4. The prosecution case rests mainly on the evidence of P. Ws. 1, 2, 4, 5, 7 and 17. P. W, 1 deposed to the incident prior to the occurrence that evening, himself, the deceased, p. Ws. 4 and 5 making a complaint to the Village Munsif about it and to their returning to their houses after this through Rampamvari street. He also said that while they were talking to P. W. 14 about the scuffle between the 1st accused and the deceased they heard a commotion in Rampamvari street and also sounds 'catch, catch.' As they rushed into Rampamvari street, they saw accused 2 and 3 holding the deceased by their arms near the compound of one Golla Ramudu. While P. Ws, 4 and 5 were with him P. W, 12 was coming some distance behind him. There was Moonlight then. As they approached the 1st accused who was with accused 2 and 3 the former cut Peddabha with a bill-hook repeatedly on the right side of the neck and on other parts of the body as accused 2 and 3 held him. The deceased fell to a side. Even thereafter, the 1st accused cut him repeatedly. Accused 2 and 3 left the place, as the 1st accused continued to back the fallen man indiscriminately. The 1st accused threatened the witness and others that were with him with the bill-hook and prevented them from intervening. Meanwhile, P. W. 2 came to the place running and seized the bill-hook from the 1st accused, caught the assailant and took him to the Village Musiff They then approached the injured man to find cuts on his neck, chin and elsewhere, and a pool of blood there. While they were there, the Village Munsiff came, made arrangements to send the injured Peddabha in a cart to Chittoor hospital with P. Ws. 4 and 5. He accompanied the Village Munsiff to his house where he gave Ex. 1. P. Ws. 4 and 5 confirm the version given toy this witness in main particulars,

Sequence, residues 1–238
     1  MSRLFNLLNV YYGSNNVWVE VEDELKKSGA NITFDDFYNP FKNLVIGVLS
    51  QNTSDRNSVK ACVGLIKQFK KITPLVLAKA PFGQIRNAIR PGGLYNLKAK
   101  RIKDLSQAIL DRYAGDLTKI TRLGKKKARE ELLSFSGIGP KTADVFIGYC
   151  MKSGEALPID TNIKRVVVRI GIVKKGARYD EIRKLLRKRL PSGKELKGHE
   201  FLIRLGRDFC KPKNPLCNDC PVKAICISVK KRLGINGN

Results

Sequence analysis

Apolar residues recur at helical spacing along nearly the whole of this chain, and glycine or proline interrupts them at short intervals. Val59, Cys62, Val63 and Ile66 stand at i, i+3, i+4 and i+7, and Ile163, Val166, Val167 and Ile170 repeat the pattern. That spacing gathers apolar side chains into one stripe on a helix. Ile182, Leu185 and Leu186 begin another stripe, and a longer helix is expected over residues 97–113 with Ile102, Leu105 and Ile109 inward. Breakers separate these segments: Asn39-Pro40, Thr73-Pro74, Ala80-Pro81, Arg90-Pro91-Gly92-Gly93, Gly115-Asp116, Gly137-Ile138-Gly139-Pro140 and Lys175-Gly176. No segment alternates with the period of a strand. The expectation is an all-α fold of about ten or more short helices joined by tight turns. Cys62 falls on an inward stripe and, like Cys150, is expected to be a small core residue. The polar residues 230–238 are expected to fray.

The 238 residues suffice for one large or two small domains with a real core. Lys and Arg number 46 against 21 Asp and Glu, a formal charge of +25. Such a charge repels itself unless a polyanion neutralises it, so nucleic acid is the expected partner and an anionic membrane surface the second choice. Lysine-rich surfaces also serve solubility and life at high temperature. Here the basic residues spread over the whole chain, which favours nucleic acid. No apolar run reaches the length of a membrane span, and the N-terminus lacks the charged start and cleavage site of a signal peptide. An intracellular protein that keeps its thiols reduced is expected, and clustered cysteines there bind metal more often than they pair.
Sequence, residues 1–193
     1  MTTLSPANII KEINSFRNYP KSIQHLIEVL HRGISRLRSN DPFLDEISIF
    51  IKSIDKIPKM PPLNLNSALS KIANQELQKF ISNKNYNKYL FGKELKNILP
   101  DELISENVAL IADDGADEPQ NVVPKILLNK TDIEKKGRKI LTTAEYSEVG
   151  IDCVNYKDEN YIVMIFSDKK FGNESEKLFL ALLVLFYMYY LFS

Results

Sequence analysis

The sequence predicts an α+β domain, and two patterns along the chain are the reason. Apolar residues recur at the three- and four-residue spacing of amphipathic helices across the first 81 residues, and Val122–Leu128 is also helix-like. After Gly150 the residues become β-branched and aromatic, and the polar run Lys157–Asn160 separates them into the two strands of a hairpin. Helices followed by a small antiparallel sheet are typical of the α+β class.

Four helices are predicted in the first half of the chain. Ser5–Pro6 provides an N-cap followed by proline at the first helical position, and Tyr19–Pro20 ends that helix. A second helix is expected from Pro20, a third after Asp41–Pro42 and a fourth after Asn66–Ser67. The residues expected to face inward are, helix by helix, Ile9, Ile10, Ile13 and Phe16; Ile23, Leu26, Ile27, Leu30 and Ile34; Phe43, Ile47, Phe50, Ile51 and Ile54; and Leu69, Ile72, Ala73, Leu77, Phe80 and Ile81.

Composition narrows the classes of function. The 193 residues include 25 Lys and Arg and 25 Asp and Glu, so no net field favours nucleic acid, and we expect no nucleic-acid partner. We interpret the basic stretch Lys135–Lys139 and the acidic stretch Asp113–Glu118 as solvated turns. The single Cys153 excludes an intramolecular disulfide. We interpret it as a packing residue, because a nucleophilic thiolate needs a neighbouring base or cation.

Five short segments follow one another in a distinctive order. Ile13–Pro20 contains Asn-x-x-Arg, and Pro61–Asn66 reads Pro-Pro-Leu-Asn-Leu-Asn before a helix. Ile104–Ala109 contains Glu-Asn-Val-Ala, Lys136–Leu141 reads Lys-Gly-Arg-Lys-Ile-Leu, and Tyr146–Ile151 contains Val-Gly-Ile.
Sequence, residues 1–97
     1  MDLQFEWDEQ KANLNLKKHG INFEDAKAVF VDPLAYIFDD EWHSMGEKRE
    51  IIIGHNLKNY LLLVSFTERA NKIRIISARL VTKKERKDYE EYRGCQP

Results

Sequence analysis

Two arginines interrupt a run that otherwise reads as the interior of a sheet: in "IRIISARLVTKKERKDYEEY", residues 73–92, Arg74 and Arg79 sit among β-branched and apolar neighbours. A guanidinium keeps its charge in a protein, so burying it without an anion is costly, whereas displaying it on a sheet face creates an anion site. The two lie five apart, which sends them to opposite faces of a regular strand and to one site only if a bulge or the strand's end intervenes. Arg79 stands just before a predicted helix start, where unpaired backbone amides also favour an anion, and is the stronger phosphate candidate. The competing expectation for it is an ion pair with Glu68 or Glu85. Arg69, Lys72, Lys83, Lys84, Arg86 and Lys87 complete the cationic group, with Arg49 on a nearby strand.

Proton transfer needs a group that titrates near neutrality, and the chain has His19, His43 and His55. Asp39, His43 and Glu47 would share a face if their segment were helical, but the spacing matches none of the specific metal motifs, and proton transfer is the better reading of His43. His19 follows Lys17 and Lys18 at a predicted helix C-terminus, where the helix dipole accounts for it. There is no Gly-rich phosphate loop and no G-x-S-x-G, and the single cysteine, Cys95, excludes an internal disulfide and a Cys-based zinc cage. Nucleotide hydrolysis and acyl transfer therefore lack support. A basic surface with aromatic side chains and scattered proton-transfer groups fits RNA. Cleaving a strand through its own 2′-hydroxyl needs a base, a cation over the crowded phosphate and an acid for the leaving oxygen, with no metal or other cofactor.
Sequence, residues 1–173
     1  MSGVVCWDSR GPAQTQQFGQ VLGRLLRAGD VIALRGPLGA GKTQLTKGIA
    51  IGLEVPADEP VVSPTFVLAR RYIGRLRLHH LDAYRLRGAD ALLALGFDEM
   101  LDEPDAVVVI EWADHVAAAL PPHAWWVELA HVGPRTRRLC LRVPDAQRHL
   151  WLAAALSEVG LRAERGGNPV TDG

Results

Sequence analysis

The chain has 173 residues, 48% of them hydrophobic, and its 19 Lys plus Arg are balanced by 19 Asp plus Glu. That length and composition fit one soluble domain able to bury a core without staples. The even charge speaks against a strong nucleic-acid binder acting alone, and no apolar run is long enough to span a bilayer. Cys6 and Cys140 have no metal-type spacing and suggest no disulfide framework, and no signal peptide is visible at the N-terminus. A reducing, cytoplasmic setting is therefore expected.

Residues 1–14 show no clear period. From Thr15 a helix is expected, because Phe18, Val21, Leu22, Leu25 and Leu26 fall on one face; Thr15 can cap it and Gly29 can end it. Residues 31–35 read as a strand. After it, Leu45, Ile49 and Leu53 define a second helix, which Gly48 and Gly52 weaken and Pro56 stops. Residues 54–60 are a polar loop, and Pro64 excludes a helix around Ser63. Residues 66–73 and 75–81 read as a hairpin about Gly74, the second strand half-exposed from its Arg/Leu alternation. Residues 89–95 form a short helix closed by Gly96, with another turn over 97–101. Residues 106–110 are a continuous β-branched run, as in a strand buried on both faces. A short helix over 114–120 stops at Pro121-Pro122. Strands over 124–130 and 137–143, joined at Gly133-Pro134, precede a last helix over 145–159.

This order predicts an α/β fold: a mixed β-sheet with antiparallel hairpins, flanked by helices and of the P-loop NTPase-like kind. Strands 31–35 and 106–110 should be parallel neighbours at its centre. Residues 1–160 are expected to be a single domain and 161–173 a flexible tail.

5. P. W. 2 was in the house of the Village Munsiff, P. W. 17 at the time when Peddabha, P. Ws. 4, 5 and 12 went there to make a complaint against the accused. According to him, after assuring the party that he would enquire into the matter, the next morning, the Village Munsiff asked this witness to escort them to their houses. His story as to what happened subsequently is in conformity with that of P, Ws. 1, 4, and 5, and lends support to their evidence. P. W. 7 who lived in the neighbourhood of the place of offence also heard a commotion in the street in front of his house and rushed up. He saw accused 2 and 3 holding Peddabha fast by his arms and the 1st accused hacking Peddabha with a bill-hook on the right side of the neck as accused 2 and 3 held him, Peddabha fell down and accused 2 and 3 left the place then. But the 1st accused continued to cut the fallen man indiscriminately on several parts of his body. The witness added that he came out after the Village Munsiff appeared on the scene. P. W. 17 corroborates P. Ws, 1 and 2. He also spoke to A-2, and A-3 absconding from the village, to his apprehending A-2, & A-3 and detaining them in the Chavidi on the morning of 9th. He also spoke to the arrival of the Sub Inspector, P. W. 20 & arresting accused 2 & 3 & taking them into custody. He added that the house of the 1st accused was searched and a torn shirt recovered.

6. The plea of all the three accused was one of denial.

7. The Sessions Judge believing the prosecution evidence found the accused guilty of the offences with which they were charged and sentenced them as mentioned above.

8. It is beyond dispute that Peddabha died as a result of the injuries received by him on the night of 8th May 1955. The principal question for consideration is whether the prosecution has established the connection between the crime and the three appellants before us. There is a large body of oral evidence which, if believed is sufficient to bring home the guilt to the three accused. We have therefore to see whether there are any infirmities in the testimony of the five persons who have been put forward as direct witnesses to the occurrence. All the witnesses presented a consistent version of the happenings on the 8th of May 1955. The dying declaration confirm the story as given by these witnesses and is also concurrent with it.